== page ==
An email from Thomas Galligan, permitting manager for Bohler Engineering working with Kimco, on Dec. 18, 2018 to Russo, said “We are currently coordinating to obtain a town highway permit to put the curb cut on Brinkerhoff Lane back to its original form as the contractor mistook the construction entrance for permanent work.”

Kimco restored the sidewalk, made a pedestrian curb cut from the driveway curb cut, decreased the concrete pad area and put up a fence to stop pedestrian traffic through the area after being granted a permit to do such work on May 10. Kimco was reached for comment, but could not immediately respond.

“The access was meant to be temporary while the garage was being renovated,” Town of North Hempstead Spokesperson Carole Trottere said. “The contractor either couldn’t or didn’t want to cross over the rest of the parking lot, so the fence was taken down for the duration of construction and supposedly would have been replaced. It would require more than just a driveway apron on Brinkerhoff Lane to provide access to the shopping center from that street, as there is a significant change in grade between Brinkerhoff and the parking lot.”

Residents of Terrace Manor have also brought up the issue of a car hauler that comes in the early mornings at least once a week to drop off Audi cars at the parking garage. The car hauler parks in the southwest corner of the surface parking lot of the Manhasset Center that borders Brinkerhoff Lane. Residents say the noise and vibrations that emanate from the car hauler brings a disturbance in the wee hours of the morning.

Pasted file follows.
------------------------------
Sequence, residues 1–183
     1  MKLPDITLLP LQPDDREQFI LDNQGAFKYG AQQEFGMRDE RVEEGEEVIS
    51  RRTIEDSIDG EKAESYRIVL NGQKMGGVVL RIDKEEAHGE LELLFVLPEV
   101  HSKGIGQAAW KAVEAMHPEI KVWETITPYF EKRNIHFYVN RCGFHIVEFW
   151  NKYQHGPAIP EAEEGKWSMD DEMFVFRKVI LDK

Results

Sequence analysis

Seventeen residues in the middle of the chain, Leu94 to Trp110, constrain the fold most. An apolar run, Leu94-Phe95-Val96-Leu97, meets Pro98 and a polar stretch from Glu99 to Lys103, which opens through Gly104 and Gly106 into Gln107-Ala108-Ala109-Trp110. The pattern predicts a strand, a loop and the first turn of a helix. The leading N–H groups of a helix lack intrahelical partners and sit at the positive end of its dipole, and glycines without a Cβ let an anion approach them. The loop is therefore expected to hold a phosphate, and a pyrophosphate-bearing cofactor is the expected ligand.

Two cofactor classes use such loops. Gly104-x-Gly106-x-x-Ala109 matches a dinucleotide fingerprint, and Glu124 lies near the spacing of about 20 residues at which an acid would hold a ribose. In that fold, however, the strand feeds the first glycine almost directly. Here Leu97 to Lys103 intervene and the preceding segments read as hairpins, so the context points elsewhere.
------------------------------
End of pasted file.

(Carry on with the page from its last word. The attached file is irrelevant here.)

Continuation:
The car hauler used by the Biener Audi to transport cars to the Manhasset Center parking garage. (Photo courtesy of Catherine Word)

Since 2008, Kimco has had an agreement with Biener Audi in Great Neck to store their cars in the two lower tiers of the sparsely used parking garage. The previously agreed use of the parking garage was for all businesses located at the site to designate the underground garage as mandatory employee parking. After eight years, Kimco filed a permit to allow 97 parking spots in the garage of the lower two levels be used for the Audi vehicles.

Ninety-seven parking spots in the parking garage are reserved for the Audi dealership. (Photo by Marco Schaden)

The Town of North Hempstead denied that permit on May 26, 2015. Kimco appealed the decision to the BZA and won a five-year permit on Sept 25, 2015. In the minutes of that appeal decision, Bruce Migatz, attorney for Kimco, states “They are driven there one car at a time and driven back to Audi.” It also states in the appeal application to the BZA that “The proposed use will not be of such nature as to be objectionable to nearby residential dwelling by reason of noise, lights, vibration, or others factor of impact.”

Before the BZA’s decision, the car hauler was not used, however after the permit was granted, the car hauler started being used to transfer the vehicles, according to residents of Terrace Manor.

Biener Audi could not be reached for comment.

“It’s an underutilized parking lot,” Bentley said. “Are we going to say ‘no, you cannot find a way to make revenue on it.’ Not necessarily. But as soon as it effects the quality of life of the surrounding community, then yes, we’re going to jump all over it.”

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Marco Schaden is the editor of Manhasset Press.